Last month, USDA’s Food Safety Inspection Service issued guidance for how its inspectors are to monitor the treatment and eventual location of fatigued or otherwise slow pigs during truck unloading and loading of stockyard pens at slaughterhouses. This is important, the advice states, for both animal welfare reasons as well as carcass health checks.
The guidelines distinguish between pigs who are ambulatory but slow-moving and those who are non-ambulatory (“U.S. Suspect”). While the former should be herded along with their herdmates and then put into a separate pen, the latter should be separated from the other pigs. However, it is left up to each establishment to develop guidelines for this process of separation if it so chooses.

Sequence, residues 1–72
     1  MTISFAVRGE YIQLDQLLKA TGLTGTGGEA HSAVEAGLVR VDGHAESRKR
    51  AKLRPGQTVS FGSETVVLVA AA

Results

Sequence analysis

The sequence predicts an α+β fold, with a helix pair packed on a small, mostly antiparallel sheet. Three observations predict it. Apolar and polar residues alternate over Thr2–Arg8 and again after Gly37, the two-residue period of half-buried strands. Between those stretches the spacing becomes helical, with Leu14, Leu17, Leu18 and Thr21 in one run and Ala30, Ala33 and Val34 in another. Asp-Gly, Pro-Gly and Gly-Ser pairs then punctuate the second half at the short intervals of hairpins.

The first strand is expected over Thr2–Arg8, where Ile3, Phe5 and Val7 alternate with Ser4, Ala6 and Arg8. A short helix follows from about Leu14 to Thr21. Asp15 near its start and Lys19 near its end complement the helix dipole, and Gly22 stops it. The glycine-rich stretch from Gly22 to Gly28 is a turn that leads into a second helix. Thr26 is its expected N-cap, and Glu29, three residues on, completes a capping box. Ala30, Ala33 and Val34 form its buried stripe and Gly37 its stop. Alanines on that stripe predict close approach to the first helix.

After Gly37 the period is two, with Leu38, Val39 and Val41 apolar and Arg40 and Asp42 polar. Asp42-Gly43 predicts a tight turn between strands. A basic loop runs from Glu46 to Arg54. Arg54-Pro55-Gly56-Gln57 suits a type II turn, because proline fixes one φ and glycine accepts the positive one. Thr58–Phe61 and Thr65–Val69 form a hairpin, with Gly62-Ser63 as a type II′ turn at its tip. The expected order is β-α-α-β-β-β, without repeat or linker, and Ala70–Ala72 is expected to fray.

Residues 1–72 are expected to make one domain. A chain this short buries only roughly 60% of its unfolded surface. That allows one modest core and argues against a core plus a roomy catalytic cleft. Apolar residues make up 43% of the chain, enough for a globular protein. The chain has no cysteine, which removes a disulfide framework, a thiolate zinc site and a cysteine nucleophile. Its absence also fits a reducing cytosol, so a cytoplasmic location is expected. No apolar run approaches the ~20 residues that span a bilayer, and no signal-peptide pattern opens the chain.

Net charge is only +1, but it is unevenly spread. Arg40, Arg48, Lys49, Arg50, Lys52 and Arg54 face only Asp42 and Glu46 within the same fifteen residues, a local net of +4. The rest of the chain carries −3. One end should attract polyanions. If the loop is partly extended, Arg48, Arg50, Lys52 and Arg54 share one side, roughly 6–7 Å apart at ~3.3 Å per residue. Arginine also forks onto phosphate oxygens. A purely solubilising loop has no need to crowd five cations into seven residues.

This caveat seems to largely defeat the purpose of the guideline, and is a wonderful example of the many loopholes in U.S. factory farming laws, regulations and internal industry (often voluntary) rules. Americans seem oddly comfortable with allowing animal industries to self-regulate to an amazing degree. Why is this? What will it take for us to learn that self-policing in a setting for corporate interests are involves does not work for the benefit of animals, whose interests are inherently secondary?
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